Glancing to his right he saw Jimmy Brooder shaking his head. Rolling his eyes, Hank offered a sheepish, unenthusiastic grin as he accepted his friend’s silent condolences.

Friday, January 27, 2023




    CHAPTER 23

“That was incredible.” Gladys Horner patted her purse again, as if to confirm the modest stack of bills that represented her winnings. “I started with forty dollars and ended up with two hundred. That’s a hundred and sixty dollars of their money. And you can bet they’re not going to get it back.”

She was seated beside Jimmy Brooder at an outdoor table on the casino patio. Nursing their drinks....a soda for her, a beer for him, they sat looking out over the oceanfront homes toward the steel-gray Pacific horizon. The afternoon had turned warm, lending a comfortable touch to their leisurely wait for Hank and Angie’s return from their walk on the beach.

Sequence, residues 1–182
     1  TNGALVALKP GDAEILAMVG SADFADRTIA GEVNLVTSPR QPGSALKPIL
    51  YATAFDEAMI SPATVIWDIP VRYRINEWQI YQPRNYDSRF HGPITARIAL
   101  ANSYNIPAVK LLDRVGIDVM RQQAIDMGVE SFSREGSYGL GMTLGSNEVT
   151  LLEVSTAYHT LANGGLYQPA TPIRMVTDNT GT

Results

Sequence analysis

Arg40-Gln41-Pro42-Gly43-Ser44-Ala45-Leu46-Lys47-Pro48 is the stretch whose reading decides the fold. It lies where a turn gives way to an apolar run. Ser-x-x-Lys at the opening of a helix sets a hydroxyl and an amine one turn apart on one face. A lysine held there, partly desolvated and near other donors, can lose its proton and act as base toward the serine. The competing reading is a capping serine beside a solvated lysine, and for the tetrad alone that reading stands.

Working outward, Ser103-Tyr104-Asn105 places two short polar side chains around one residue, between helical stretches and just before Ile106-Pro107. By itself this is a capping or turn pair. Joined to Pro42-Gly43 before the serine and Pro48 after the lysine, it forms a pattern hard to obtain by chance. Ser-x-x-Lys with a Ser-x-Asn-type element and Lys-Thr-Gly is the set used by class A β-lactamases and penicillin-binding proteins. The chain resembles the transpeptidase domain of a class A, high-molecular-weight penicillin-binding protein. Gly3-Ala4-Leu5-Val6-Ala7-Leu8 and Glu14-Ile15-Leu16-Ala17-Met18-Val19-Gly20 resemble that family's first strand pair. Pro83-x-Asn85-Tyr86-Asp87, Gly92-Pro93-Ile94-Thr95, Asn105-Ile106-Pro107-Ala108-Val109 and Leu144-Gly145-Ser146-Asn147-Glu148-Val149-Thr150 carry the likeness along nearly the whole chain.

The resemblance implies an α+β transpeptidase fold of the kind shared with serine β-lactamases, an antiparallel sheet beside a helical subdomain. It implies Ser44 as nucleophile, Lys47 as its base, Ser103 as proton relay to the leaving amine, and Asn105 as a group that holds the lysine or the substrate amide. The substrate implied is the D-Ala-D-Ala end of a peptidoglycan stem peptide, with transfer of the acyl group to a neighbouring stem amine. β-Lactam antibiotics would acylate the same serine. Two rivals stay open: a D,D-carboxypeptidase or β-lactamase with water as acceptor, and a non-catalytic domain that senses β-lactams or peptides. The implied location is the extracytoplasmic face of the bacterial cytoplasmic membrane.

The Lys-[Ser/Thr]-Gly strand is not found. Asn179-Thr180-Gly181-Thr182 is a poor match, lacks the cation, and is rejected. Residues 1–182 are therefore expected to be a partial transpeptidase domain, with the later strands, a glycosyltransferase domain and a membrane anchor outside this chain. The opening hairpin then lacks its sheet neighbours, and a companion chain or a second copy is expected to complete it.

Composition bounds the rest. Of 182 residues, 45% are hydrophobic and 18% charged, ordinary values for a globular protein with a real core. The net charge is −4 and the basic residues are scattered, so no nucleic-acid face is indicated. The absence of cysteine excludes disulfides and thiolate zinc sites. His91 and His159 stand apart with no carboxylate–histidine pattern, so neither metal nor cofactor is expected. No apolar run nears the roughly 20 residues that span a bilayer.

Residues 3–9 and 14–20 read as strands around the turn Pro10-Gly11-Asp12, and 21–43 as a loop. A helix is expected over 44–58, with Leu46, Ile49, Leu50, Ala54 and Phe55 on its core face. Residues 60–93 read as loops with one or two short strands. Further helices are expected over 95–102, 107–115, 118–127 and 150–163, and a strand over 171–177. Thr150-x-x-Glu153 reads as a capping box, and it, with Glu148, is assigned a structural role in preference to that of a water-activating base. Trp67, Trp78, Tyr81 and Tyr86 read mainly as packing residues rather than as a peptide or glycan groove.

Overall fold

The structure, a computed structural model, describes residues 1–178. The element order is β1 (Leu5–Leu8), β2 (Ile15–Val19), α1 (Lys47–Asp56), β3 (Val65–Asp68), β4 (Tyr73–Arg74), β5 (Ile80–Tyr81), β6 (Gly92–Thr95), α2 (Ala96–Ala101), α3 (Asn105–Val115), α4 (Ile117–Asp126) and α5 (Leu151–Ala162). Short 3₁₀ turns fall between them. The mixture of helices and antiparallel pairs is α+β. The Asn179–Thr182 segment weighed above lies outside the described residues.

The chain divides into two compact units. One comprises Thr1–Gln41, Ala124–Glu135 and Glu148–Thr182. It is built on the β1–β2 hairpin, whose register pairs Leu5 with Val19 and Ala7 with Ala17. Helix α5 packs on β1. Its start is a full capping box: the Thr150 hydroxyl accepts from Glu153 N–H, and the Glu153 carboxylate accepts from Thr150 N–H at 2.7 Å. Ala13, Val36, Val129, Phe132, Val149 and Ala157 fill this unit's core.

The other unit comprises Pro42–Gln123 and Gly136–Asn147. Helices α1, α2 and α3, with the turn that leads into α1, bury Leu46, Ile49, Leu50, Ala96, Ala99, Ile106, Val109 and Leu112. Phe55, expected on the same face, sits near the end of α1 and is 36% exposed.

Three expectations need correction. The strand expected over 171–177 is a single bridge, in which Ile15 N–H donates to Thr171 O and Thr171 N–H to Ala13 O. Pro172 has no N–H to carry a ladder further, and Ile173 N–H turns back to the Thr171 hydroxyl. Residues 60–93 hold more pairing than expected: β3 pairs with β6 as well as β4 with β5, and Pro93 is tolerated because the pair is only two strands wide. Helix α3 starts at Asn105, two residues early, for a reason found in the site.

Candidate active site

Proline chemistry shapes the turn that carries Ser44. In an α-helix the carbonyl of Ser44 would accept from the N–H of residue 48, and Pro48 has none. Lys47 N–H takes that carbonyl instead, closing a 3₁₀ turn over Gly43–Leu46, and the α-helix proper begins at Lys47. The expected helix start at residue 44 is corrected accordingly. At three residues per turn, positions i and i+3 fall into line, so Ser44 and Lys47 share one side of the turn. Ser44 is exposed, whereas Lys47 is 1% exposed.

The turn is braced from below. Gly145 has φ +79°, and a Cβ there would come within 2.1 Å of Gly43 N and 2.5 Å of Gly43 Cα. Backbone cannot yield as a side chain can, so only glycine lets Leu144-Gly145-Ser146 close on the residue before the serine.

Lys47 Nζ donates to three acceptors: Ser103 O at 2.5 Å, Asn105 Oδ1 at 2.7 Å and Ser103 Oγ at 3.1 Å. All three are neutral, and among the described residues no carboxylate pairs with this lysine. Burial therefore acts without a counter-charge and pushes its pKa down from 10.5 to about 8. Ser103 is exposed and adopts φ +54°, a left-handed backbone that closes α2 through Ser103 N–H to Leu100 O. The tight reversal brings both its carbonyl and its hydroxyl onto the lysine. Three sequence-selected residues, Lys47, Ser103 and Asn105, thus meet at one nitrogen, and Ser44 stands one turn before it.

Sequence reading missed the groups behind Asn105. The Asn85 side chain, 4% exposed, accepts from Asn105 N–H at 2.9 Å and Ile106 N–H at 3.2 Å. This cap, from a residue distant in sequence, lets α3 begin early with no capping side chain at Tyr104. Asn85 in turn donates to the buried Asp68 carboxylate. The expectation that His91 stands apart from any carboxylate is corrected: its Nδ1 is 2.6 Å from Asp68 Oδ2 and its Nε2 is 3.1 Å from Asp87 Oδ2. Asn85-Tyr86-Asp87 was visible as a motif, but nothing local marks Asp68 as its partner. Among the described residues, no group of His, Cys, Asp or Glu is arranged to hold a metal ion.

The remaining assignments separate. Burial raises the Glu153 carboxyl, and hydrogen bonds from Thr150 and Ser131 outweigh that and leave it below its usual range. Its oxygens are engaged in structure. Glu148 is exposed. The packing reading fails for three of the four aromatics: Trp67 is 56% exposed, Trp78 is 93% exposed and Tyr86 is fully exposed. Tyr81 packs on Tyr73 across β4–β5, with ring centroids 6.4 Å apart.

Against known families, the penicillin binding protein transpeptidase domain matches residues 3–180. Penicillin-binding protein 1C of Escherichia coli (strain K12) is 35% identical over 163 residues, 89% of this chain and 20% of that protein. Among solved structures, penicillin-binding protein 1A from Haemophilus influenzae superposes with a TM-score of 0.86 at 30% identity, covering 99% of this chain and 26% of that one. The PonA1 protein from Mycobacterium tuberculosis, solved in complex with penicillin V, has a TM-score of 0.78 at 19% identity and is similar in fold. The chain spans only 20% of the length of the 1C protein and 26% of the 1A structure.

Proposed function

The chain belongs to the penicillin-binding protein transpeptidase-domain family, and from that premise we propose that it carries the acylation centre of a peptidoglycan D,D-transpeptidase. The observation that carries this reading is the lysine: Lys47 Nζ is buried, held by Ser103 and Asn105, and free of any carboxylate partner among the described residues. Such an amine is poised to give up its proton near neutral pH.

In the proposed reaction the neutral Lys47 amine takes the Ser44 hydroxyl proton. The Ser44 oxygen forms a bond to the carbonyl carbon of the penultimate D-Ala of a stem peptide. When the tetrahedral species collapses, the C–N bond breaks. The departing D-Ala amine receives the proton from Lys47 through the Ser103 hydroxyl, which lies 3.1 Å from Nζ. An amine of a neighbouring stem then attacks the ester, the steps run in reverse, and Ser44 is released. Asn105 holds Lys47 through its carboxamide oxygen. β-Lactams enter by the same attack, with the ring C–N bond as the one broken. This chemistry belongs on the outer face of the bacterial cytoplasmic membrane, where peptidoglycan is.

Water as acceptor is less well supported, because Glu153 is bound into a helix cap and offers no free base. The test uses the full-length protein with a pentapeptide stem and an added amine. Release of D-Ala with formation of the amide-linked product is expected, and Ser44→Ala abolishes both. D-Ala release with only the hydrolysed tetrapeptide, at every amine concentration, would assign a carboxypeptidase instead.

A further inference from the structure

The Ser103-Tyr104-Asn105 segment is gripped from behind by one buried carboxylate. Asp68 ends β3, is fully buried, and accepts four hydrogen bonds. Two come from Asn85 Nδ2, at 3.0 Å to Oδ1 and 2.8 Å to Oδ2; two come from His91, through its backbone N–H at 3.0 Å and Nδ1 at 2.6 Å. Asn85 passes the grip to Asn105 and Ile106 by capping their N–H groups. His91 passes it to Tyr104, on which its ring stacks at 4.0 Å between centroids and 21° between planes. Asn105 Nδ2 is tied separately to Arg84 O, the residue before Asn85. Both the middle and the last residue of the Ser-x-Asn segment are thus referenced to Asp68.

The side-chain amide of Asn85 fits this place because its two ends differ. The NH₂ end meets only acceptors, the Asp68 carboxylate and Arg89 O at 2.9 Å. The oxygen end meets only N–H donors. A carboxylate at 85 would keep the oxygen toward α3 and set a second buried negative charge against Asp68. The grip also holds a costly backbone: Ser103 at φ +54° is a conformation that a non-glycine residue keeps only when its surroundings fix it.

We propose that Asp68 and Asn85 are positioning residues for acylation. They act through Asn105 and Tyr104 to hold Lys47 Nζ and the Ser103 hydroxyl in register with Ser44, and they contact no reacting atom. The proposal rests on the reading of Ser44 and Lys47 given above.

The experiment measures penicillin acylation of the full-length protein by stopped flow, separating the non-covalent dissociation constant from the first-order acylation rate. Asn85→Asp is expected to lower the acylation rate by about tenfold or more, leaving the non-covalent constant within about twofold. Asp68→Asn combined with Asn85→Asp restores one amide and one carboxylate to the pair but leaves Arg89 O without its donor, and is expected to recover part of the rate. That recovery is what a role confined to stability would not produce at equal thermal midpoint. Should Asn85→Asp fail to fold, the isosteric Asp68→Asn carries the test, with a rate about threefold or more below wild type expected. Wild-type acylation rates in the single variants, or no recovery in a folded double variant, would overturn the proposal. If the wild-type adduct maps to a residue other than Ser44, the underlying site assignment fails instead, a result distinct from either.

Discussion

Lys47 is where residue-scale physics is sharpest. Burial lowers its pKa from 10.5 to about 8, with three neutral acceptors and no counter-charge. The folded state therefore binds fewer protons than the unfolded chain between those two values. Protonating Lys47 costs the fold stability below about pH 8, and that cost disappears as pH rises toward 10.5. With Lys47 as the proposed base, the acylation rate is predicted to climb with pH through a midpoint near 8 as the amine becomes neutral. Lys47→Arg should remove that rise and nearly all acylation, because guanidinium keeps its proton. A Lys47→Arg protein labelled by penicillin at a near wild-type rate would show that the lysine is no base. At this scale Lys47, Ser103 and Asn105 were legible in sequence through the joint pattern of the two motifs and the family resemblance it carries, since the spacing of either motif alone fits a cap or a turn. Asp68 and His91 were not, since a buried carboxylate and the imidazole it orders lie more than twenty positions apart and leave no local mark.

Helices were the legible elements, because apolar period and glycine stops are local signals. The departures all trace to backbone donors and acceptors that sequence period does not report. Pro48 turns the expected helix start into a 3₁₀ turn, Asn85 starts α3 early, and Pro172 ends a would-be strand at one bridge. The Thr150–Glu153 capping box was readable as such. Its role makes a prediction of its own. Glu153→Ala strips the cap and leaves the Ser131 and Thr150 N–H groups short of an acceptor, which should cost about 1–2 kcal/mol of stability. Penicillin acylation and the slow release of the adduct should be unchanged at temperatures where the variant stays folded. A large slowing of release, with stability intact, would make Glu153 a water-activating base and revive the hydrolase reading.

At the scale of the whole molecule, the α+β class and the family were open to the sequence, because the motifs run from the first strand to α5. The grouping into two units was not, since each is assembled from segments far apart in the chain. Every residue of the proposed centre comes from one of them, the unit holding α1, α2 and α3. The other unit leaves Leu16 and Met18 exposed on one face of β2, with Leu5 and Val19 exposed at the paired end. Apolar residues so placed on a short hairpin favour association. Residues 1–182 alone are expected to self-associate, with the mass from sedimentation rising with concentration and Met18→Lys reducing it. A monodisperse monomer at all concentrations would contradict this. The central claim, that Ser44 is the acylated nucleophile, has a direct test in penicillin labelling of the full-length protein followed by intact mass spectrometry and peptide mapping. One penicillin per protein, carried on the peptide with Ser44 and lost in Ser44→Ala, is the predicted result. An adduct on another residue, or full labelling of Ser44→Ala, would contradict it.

“I must say,” Jimmy observed. “You do look rather pleased with yourself. Probably even smug. Most folks can’t walk away like that when they’re ahead. I’m proud of you. But don’t forget, when you talk about having ‘their’ money, fifty bucks of that was ‘my’ money. At least it used to be.”

Basking in the warmth of his off-hand praise Gladys picked an ice cube from her glass to suck on, then set the soda aside. She had taken a chance and he was ‘proud of her’ for that. For all his many virtues, she could not remember Lester ever saying he was proud of her. 

“I’m proud of myself,” she nodded. “I can’t remember the last time I did something that bold or silly. And I am sorry about your fifty dollars.”

“That’s okay. I’ve been around long enough to know that was going to happen. That’s why I don’t gamble much anymore. There was a time I did, but no more.” He paused, wanting to visit another piece of her Black Jack adventure. 

“I’m pretty sure it’s not the hundred and sixty dollars that has you feeling so good. I’ll bet you could have lost that much and not have been too upset.”